At times this led to unhelpful confusions and excesses which have harmed rather than helped the Catholic identity of some people. But there is no doubting the popularity and fruits of the charismatic influence, with many of its adherents being instinctively on the side of orthodox belief and moral precepts. So, as with many styles of spirituality and popular movements, the Church in her wisdom has brought it under her wing and there has been much progress in integrating all that is good with the full tradition of Catholic faith and life.

That process of integration might have been easier if the liturgical and catechetical life of the Church had been clear, vibrant and stable at the time; but it was not. Liturgy, as is well known, became something of a battle ground, which, sadly, it still is today. It was during the 1970s that liturgical battle lines were drawn between so-called 'progressives' and 'traditionalists'. Of course, liturgical differences were not the only issues at stake on either side of that divide; many doctrinal, moral and ecclesiastical questions became flash points for division, even, tragically, for schism in some cases.

As with so much else, the dominant tendency was anti-traditional, what has now been called the "hermeneutic of rupture". In terms of the liturgy this meant a culture of "creativity" based on the idea that liturgy is the expression of the local community. Once again, often underlying this has been an immanentist theology that sees the presence of Christ arising from the assembly and the human quality of its celebration. None of this is intrinsic to the Missa Normativa, but accretions and excesses have so often become identified with it in practice that it has fuelled the false perception, on both sides of the progressive/traditional divide, that the ancient (Extraordinary) and modern (Ordinary) forms of the Roman Rite embody two opposing ecclesiologies.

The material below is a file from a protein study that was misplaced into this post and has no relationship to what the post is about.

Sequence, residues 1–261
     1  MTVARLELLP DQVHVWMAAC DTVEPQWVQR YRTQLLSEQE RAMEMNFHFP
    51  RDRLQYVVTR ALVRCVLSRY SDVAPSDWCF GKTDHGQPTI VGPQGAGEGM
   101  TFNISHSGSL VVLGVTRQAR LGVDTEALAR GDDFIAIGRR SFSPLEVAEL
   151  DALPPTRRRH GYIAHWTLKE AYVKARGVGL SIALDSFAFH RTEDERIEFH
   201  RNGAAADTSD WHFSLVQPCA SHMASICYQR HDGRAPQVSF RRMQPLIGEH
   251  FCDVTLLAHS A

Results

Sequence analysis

We live in times of reassessment, consolidation and rebuilding after these and other violent storms. Tradition is no longer a taboo word and traditional forms of prayer are once more being rediscovered and recognised as a treasure store and a priceless patrimony handed on to us by the saints of God across the ages. The liturgy is being re-established little by little, in the minds of God's people as the corporate worship not just of the local but of the whole Body of Christ, the universal Church, reaching across time and space and into heaven itself:

"You have come to Mount Zion and to the city of the living God, the heavenly Jerusalem, and to innumerable angels in festal gathering, and to the assembly of the first-born who are enrolled in heaven ... and to the spirits of just men made perfect, and to Jesus, the mediator of a new covenant" (Hebrews 12:22-24).

As we attempt to reconnect with our own history, which is after all a sacred history as far as the Divine Liturgy is concerned, the value of the Church's liturgical traditions are once again being emphasised not just as expressions of sacredness and beauty in the public work of God, but as the embodiment and carriers of the Church's faith.